GEANT is the name of a series of simulation software designed to describe the passage of elementary particles through matter, using Monte Carlo methods. The name is an acronym formed from "GEometry ANd Tracking". Originally developed at CERN for high energy physics experiments, GEANT-3 has been used in many other fields.


The very first version of GEANT dates back to 1974,[1] while the first version of GEANT-3 dates back to 1982.[2] Versions of GEANT through 3.21 were written in FORTRAN and eventually maintained as part of CERNLIB. Since about 2000, the last FORTRAN release has been essentially in stasis and receives only occasional bug fixes. GEANT3 was, however, still in use by some experiments for some time thereafter. Most of GEANT-3 is available under the GNU General Public License,[3] with the exception[4] of some hadronic interaction code contributed by the FLUKA collaboration.

GEANT-3 was used by a majority of high energy physics experiments from the late 1980s to the early 2000s. The largest experiments using were three of the experiments at the Large Electron-Positron collider, including ALEPH, L3 and OPAL. It was also a key tool in the design and optimization of the detectors of all experiments at the Large Hadron Collider (LHC) – see e.g. the ATLAS Technical Design Report. GEANT-3.21 based programs remained main simulation engine of ATLAS, CMS and LHCb at LHC until 2004, when these experiments moved to Geant4-based simulations. Even in 2019 it remains the primary simulation tool for the ALICE experiment at the LHC.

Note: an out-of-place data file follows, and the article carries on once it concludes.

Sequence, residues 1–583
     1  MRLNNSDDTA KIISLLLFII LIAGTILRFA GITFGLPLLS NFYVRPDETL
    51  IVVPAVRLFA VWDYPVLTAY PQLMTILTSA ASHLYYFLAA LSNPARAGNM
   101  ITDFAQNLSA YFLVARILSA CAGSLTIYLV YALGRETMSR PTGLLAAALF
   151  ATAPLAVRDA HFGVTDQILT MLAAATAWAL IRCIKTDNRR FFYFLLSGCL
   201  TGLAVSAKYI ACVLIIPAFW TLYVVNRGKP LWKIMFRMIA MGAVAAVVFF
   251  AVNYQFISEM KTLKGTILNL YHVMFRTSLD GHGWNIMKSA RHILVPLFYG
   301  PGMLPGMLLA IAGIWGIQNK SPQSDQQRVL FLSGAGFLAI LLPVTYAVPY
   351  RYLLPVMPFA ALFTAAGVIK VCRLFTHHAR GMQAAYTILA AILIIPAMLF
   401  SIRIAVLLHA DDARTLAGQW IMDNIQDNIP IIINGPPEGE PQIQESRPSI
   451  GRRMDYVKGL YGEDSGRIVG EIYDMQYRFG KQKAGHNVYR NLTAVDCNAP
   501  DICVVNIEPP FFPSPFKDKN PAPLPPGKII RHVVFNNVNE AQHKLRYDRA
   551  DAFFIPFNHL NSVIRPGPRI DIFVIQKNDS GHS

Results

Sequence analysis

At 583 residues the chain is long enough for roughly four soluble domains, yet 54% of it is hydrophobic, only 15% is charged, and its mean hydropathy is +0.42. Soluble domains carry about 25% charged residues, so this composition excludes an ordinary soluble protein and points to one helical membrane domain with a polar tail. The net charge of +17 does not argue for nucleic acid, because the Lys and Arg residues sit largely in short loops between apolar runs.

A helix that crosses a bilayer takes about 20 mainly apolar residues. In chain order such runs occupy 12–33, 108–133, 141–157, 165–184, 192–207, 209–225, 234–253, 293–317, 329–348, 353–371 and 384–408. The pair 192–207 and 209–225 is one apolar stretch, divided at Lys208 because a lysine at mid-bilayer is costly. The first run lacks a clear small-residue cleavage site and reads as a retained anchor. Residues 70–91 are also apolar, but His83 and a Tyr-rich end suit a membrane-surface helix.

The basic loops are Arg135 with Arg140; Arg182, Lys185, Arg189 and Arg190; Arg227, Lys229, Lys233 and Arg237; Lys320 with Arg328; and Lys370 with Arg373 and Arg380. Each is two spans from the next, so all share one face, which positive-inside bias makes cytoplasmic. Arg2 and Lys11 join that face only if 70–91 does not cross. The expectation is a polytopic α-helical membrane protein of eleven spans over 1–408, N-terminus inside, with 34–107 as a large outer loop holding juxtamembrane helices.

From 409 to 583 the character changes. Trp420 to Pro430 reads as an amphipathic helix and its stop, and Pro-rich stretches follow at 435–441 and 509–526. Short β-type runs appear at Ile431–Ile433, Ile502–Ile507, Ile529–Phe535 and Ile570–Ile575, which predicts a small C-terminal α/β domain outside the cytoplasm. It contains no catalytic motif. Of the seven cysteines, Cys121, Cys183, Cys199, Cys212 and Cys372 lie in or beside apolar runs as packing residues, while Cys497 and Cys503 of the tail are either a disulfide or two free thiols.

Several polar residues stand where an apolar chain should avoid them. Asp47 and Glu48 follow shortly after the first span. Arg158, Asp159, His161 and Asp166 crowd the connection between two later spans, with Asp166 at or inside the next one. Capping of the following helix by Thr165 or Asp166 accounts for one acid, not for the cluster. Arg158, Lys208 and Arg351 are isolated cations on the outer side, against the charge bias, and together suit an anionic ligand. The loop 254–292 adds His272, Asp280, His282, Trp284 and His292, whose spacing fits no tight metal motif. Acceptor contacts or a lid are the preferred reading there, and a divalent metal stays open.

A related (but separate) product is Geant4 (when referring to this version, the name is typically no longer capitalized). It is a complete rewrite in C++ with a modern object-oriented design. Geant4 was developed by the RD44 collaboration in 1994–1998 and is being maintained and improved now by the Geant4 international collaboration. For quite some time Geant4 did not have a clearly defined software license. As of version 8.1 (released June 30, 2006) this omission has been remedied. Geant4 is now available under the Geant4 Software License.

See also


  • Geant4 publicly accessible webpage
  • GEANT webpage at CERN (only available to CERN users)
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